Webster described how truly blessed she was to have that opportunity fall in her lap and be able to get her vintage store started right down the street from where she lived.

“People have been so supportive,” Webster said. “All my friends are always walking by, showing me when they’re at the store; they’ll take a photo and tell me that they’re there. It’s amazing.”

As a new small business owner, it can be difficult to promote your business and gain a wider customer base. Starting out, Approach Vintage was no exception to those challenges.

“The hardest thing was getting my name out there, because I’ve never really known what to do with marketing and promoting myself and a small business that just started out,” Webster said. “But once people started hearing about it, I saw that people love it, and they’re posting about it.”

In the future, Webster wants to expand her brand and branch out into other lines and chains under the same name, broadening her product line as well as her customer base. She plans to start Approach Athletics, a new business with a focus on athletic wear, in the near future.

“I like the idea of not being afraid to do something,” Webster said. “Life’s pretty short, so just do it.”

The ultimate sneaker plug: Christopher Kiyota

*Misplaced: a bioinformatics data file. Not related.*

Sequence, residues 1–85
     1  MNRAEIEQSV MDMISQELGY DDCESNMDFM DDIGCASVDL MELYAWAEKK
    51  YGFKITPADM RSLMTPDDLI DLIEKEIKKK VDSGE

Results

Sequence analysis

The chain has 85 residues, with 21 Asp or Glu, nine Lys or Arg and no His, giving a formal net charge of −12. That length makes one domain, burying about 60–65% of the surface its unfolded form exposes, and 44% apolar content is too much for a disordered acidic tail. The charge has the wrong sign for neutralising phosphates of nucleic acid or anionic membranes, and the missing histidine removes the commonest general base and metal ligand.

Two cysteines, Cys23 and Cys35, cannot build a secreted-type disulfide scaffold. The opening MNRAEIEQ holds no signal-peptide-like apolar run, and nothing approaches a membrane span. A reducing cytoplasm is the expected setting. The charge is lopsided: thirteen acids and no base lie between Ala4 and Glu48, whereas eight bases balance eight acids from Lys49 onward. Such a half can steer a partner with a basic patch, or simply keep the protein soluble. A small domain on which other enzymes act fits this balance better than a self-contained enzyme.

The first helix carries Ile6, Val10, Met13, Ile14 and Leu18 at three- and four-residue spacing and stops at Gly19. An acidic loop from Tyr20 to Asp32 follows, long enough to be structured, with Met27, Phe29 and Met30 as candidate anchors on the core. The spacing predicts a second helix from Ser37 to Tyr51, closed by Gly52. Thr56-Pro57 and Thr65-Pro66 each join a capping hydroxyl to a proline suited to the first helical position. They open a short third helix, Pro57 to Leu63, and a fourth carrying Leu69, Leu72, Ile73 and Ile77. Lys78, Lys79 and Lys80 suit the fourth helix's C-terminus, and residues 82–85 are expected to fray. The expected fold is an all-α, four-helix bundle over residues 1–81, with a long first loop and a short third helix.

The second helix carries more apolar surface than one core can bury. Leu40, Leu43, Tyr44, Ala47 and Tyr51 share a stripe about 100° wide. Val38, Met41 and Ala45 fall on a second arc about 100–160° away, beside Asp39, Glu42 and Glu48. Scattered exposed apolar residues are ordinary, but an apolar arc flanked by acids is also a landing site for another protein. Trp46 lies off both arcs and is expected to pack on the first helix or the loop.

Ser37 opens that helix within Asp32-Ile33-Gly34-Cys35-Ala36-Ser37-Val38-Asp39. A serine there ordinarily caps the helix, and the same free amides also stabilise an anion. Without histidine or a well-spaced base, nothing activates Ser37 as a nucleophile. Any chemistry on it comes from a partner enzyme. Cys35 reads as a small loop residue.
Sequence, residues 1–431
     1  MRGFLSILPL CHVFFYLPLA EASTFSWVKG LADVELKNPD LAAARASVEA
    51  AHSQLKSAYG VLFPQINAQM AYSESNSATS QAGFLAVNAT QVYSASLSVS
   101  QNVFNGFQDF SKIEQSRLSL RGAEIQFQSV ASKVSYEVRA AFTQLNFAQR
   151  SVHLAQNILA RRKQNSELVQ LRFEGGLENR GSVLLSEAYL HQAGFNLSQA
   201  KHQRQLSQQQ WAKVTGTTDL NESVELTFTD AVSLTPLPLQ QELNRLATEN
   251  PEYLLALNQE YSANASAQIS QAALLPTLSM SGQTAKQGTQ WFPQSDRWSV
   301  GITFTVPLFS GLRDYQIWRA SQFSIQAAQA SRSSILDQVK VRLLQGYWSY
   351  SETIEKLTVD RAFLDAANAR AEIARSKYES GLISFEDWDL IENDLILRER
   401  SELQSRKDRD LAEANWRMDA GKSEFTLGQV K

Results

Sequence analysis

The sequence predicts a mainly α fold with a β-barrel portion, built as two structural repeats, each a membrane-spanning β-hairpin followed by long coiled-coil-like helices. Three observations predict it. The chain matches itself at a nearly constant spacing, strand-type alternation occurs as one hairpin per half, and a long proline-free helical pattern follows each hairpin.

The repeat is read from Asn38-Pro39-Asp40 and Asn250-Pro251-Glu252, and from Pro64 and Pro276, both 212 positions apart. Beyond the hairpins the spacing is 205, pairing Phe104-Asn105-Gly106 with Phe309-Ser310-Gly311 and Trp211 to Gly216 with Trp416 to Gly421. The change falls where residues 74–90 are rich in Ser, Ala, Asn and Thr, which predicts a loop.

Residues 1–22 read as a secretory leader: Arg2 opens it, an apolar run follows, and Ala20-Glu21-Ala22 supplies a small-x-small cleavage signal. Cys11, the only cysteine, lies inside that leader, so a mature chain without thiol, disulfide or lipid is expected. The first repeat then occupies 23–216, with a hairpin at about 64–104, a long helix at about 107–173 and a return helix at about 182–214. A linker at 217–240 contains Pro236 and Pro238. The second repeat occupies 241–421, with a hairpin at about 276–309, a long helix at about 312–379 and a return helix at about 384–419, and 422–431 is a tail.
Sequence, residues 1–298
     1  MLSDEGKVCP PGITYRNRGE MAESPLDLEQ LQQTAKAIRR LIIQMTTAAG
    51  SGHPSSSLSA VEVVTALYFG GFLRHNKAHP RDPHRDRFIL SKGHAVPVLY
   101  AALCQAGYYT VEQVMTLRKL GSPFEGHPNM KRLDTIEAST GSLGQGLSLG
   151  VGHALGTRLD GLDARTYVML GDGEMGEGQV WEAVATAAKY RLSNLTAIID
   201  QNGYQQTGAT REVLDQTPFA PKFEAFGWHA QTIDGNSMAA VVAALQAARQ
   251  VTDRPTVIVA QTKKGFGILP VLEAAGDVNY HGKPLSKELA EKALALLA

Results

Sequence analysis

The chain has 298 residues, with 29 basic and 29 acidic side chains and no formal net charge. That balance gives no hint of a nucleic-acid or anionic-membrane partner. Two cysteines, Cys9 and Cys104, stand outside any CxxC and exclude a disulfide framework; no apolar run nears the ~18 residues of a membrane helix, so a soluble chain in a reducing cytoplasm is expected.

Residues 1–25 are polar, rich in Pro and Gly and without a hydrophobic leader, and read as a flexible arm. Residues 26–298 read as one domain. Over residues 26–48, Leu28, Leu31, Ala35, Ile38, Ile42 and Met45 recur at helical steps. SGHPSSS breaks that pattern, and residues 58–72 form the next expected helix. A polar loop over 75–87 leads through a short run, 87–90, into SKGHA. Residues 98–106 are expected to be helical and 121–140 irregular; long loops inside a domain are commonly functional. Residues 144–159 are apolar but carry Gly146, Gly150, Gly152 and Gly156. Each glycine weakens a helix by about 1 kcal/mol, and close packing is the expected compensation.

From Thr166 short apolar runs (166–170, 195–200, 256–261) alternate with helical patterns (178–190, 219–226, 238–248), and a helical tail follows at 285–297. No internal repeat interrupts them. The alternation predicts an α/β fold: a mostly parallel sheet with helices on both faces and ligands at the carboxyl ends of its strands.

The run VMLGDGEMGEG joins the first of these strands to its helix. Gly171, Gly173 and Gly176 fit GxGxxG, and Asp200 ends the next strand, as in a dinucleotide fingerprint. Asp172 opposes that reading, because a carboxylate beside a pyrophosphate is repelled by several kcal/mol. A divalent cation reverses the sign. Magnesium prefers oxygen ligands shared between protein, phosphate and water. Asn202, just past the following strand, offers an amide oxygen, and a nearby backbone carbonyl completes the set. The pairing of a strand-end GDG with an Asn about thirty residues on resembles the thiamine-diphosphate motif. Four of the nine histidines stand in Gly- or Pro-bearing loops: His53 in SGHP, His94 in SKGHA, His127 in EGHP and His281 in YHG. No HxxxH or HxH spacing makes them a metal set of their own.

@whasiankicks

Christopher Kiyota started out with $180 in his pocket and one pair of used shoes to scrub, clean and resell. Then, one pair turned into two. With consistency, dedication and curiosity about the sneaker resale business, the UO sophomore built his business, WhasianKicks, from the ground up, figuring out how to run and manage a reselling business all on his own.

“I feel like for once I was able to get out of my comfort zone and challenge myself,” Kiyota said. “Growing up in San Diego, you don’t really see a lot of opportunities to grow as something different than just a student or an athlete.”






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Christopher built his successful business all on his own from the ground up. Students with style: UO students discuss their fashion businesses and why they got started. (Photo courtesy of Christopher Kiyota)


In the fashion world, nothing can quite compare to the competitive demand and almost religious reverence some people have for sneakers. Entrepreneurs like Kiyota have taken advantage of the thriving culture of sneaker reselling, which allows sneakerheads to make a profit from buying and reselling high-demand or rare sneakers.